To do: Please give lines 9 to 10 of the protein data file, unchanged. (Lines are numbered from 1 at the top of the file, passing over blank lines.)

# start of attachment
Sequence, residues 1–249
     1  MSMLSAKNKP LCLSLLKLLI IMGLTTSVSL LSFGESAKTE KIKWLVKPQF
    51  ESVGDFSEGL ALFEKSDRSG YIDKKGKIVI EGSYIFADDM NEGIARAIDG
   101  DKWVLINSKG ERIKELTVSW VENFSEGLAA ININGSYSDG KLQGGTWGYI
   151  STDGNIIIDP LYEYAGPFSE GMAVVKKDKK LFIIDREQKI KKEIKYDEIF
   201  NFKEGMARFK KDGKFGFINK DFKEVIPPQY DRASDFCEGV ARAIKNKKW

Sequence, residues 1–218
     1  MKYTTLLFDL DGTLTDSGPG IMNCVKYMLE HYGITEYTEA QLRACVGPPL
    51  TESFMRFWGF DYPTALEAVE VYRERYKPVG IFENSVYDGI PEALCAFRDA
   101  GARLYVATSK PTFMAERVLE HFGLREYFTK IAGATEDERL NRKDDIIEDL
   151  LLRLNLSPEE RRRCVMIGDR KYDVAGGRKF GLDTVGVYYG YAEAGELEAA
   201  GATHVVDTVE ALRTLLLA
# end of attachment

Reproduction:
    51  TESFMRFWGF DYPTALEAVE VYRERYKPVG IFENSVYDGI PEALCAFRDA
   101  GARLYVATSK PTFMAERVLE HFGLREYFTK IAGATEDERL NRKDDIIEDL